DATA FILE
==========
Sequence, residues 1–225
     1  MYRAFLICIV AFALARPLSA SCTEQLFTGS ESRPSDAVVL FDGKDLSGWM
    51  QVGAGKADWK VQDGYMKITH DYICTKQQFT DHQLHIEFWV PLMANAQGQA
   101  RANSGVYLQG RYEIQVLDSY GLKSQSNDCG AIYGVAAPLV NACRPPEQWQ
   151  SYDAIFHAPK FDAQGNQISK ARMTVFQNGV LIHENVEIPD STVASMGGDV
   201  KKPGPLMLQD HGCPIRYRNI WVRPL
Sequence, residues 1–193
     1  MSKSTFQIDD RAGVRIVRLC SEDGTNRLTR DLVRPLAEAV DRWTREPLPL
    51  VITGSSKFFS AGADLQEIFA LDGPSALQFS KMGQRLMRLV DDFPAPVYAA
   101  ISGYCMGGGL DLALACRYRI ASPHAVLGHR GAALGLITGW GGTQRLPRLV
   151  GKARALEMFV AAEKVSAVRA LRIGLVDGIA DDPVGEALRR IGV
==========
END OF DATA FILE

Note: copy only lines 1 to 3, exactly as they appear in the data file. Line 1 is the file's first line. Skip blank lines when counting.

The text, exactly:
Sequence, residues 1–225
     1  MYRAFLICIV AFALARPLSA SCTEQLFTGS ESRPSDAVVL FDGKDLSGWM
    51  QVGAGKADWK VQDGYMKITH DYICTKQQFT DHQLHIEFWV PLMANAQGQA